Great goaltending can have a huge impact on the NHL standings. Sergei Bobrovsky won the Vezina Trophy with a League-leading .931 save percentage last season and helped to boost the Columbus Blue Jackets by 32 points in the standings, from 76 points in 2015-16 to 108.
The impact of great goaltending may be clear, but figuring out which goalies are capable of such outstanding performances can be a bit murky. In particular, what can be expected of Bobrovsky in 2017-18, along with the two other finalists for the Vezina last season, Braden Holtby of the Washington Capitals and Carey Price of the Montreal Canadiens?
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The issue with projecting goalie performance is that save percentages are so volatile. After all, who could have predicted Bobrovsky's .931 save percentage in 2016-17, given his .908 save percentage in 2015-16? This was not an isolated case; Bobrovsky's save percentage also improved from .899 in 2011-12 to .932 in 2012-13.
Given this volatility, the safest course of action is to assume that a goalie's save percentage will approach a weighted average of the past few seasons. To project a single season, statistician Eric Tulsky, who is manager of analytics for the Carolina Hurricanes, suggested basing the projection on the previous four seasons, weighted at 10-7-5-1. That is, Bobrovsky's save percentage for 2017-18 can be estimated by adding up all of his saves and shots over the past four seasons, but multiplying those in 2016-17 by 10, those in 2015-16 by seven, those in 2014-15 by five and those in 2013-14 by one. That places greater emphasis on more recent data and results in a weighted save percentage of .923, slightly above his career average of .920.
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Repeating this process for Holtby also yields a .923 save percentage. Even when stretching it to the ten-thousandths column, Bobrovsky and Holtby remain tied, at .9231. Holtby has an edge on Bobrovsky when taking it to hundred-thousandths, .92312 to .92306. That works out to one goal every 15,653 shots, suggesting that expectations should be the same for each goalie in 2017-18.
Using Tulsky's method, Price has a .927 save percentage, which is far greater than his .920 NHL career average. A closer look at Price's data reveals that the difference may be goaltending coach Stephane Waite, who was hired July 4, 2013. Prior to Waite's arrival, Price had a .915 save percentage in 310 NHL games. Since Waite was hired, he has a .928 save percentage in 199 games, first among active goalies who have played more than 20 games in the League.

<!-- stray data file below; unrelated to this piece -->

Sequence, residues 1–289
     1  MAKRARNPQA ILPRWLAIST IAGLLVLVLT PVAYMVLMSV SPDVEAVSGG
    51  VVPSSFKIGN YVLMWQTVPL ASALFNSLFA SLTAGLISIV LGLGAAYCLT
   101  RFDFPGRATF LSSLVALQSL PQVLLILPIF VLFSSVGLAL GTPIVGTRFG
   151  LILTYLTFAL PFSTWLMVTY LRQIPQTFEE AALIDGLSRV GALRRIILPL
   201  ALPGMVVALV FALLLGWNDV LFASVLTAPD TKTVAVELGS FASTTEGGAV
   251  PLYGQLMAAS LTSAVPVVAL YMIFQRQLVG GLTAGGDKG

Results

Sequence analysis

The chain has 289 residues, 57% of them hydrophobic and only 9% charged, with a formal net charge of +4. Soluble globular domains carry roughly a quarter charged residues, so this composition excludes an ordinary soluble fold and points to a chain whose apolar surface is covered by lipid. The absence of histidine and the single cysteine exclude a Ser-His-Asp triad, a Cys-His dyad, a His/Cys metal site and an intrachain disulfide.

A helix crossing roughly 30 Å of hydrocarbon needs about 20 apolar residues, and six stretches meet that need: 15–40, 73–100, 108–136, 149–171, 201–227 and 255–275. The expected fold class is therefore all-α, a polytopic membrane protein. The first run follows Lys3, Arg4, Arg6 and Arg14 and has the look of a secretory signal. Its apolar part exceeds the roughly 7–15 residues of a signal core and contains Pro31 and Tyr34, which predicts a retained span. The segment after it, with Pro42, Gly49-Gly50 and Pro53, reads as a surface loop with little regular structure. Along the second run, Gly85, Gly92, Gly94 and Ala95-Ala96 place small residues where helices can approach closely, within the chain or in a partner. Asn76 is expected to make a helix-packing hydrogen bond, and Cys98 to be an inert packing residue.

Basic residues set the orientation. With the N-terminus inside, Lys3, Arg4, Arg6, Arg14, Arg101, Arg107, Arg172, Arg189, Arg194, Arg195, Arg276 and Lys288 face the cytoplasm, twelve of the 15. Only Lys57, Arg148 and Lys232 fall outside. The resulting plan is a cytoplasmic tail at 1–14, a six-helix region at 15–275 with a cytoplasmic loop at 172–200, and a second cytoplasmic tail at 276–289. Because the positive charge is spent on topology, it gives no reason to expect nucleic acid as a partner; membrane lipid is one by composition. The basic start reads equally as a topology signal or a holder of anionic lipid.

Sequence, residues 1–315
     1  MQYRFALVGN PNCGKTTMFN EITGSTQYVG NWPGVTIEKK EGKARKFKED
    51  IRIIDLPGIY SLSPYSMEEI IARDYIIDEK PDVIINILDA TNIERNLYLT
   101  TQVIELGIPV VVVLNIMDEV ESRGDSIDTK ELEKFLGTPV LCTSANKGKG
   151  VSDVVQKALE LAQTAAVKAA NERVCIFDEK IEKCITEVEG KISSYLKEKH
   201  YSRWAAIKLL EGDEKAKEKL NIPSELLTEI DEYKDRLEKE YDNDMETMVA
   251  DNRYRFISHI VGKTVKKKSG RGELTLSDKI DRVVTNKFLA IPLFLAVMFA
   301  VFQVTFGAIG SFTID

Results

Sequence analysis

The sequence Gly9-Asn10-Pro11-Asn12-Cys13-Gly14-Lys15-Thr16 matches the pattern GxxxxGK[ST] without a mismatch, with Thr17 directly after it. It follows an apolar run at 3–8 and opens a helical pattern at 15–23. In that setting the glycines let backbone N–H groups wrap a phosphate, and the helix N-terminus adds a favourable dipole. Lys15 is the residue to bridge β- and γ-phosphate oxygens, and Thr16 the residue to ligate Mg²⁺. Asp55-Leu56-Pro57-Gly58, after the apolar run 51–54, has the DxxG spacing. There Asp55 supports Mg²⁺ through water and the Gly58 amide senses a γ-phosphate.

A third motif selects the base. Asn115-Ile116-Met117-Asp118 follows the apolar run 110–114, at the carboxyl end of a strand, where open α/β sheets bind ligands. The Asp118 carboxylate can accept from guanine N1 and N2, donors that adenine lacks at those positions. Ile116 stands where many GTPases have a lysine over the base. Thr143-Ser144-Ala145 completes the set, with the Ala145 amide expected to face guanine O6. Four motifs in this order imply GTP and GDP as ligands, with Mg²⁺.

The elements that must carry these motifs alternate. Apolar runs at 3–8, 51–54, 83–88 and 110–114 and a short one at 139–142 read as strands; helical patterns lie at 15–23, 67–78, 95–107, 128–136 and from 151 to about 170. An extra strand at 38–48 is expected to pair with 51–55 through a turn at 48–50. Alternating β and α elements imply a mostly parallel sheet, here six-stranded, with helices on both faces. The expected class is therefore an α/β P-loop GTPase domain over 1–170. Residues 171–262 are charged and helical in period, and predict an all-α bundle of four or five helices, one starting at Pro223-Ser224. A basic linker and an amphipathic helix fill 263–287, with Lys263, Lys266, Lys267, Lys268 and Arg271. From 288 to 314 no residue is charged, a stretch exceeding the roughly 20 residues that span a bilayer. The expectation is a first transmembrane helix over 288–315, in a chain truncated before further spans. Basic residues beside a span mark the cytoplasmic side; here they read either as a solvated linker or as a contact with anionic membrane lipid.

Although Price can be projected as the favorite for the Vezina Trophy in 2017-18, we need other stats to separate Holtby and Bobrovsky. One way to do that is to consider the quality of the shots each goalie has faced. If either goalie's numbers are being boosted from facing a larger share of shots from the outside and fewer while killing penalties, then those numbers could fall as soon as those favorable conditions come to an end. However, the difference between the two goalies is minor regardless how they are compared.
A goalie's save percentage is lower when killing penalties because he's facing the top opposing shooters while his team is at a numerical disadvantage. Using the same weighted four-season average, Holtby has a .931 save percentage at 5-on-5, .942 at 5-on-4 and .873 at 4-on-5. For Bobrovsky, it's .930, .938 and .884. So, it looks like Holtby has a slight edge at even strength and on the power play, and Bobrovsky has been slightly better shorthanded, but neither goalie has a clear advantage overall.
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The location of shots can also impact a goalie's save percentage. Holtby had an .873 save percentage on shots taken inside hockey's so-called home plate area -- from the goal posts to the faceoff dots, then up to the top of the faceoff circles and across -- and a .966 on shots from outside. Bobrovsky had an .878 save percentage on home-plate shots and a .965 on shots from the outside.
So, that signals that Bobrovsky has the edge from up close, that Holtby has a very slight edge on outside shots, and that Holtby's overall numbers may have been boosted by the Capitals keeping more shots to the outside.
Considering these and all other available goaltending metrics, there appears to be only one area where either goalie has a noticeable advantage: quality start percent. A quality start is awarded any game when a goalie's save percentage is above the League average of .913. From this perspective, Holtby has a four-year weighted average of 61.8 percent, which is 2.9 percentage points better than Bobrovsky's 58.9 percent, or one extra quality start for every 34.5 games. As minor as that seems, that could be the greatest difference between these two goalies.
It may be impossible to distinguish between Holtby and Bobrovsky from a statistical perspective, but it's reasonable to project a .923 save percentage for each of them. That will place each of them in the mix for the Vezina Trophy in 2017-18 -- but well behind Price, whose save percentage projection is .927.
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